More than 1.58 million enterprises have been inspected under the new Environmental Protection Law that took effect at the start of 2015, toughening scrutiny on polluters and the procedures that allow them to exist.
Environmental authorities nationwide had punished 51,000 enterprises for excessive discharge of pollutants and identified 73,400 illegal projects by the end of November, according to the latest official statistics. The new law also targets local governments' responsibility for environmental protection.
The Ministry of Environmental Protection (MEP) organized overhaul of government's environmental work in 33 cities in 2015, and 15 senior officials at city level were summoned to talks with ministry officials for weaknesses in environmental administration.
The ministry has restricted approvals for new projects in Beijing's Chaoyang District as well as parts of Tianjin, Hebei, Henan and Hubei as punishment for failures to meet environmental standards, according to the head of the MEP's environmental inspection bureau.
Officials may be demoted or sacked for concealing offenses, falsifying or failing to publicize environmental data, and not giving closure orders to polluting enterprises. Low penalties for polluting enterprises used to have little deterrent effect.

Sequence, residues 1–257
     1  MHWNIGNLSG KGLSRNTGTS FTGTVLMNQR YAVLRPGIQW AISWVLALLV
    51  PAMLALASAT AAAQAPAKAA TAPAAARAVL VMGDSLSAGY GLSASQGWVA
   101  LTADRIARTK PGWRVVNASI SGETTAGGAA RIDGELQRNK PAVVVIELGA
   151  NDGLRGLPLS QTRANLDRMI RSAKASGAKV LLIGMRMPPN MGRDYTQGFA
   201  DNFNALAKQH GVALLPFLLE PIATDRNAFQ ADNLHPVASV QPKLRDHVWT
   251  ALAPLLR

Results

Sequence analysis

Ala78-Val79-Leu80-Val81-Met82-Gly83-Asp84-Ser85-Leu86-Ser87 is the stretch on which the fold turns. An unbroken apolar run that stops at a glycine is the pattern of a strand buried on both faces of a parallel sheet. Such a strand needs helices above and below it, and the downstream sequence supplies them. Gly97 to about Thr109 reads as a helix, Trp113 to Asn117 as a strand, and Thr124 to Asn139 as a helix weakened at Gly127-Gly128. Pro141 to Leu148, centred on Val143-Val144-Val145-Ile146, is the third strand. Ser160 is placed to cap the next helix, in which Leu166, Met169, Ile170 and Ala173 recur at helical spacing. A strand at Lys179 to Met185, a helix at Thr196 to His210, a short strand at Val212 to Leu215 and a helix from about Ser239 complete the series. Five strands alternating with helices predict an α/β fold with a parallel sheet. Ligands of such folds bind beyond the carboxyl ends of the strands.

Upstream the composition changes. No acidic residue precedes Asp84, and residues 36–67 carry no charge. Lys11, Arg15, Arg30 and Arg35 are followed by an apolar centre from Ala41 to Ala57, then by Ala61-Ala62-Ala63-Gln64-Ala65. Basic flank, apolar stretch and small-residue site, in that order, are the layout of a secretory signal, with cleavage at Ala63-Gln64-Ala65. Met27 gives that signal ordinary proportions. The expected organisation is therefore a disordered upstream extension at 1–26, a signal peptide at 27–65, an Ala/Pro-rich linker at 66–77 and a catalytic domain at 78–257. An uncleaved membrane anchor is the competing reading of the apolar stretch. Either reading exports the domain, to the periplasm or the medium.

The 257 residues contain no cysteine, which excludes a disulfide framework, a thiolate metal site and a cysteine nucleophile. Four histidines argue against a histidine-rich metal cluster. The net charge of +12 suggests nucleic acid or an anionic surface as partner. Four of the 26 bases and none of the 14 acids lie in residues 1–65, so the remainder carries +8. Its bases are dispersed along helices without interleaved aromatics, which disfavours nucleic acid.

The new Environmental Protection Law attempts to correct this by stipulating fines accumulating on a daily basis for enterprises that fail to rectify violations. As of the end of November, environmental authorities had issued punishments in 611 cases under this provision, collecting 485 million yuan (74.5 million U.S. dollars) in fines, according to the MEP.
In 2,511 cases of violations, the polluters were told to reduce or suspend production. The environmental agencies also transferred 1,478 cases for investigation of suspected criminal offenses.
The ministry has vowed to subject all key enterprises at national and provincial levels to unannounced checks, and the public is invited to help by reporting suspected violations. Citizens can now blow the whistle on polluters through an official WeChat account, a situation which helped Beijingers file 30,014 such reports with their local environmental watchdog in 2015.
Still, there have been some claims of local governments failing to enforce the law. "Whether this new law will have a substantial effect on China's environmental protection and help solving the environmental woes hinges on authorities' will and capability to enforce it, as well as the awareness and participation of the public and enterprises," said Jia Feng, chief of the journal World Environment.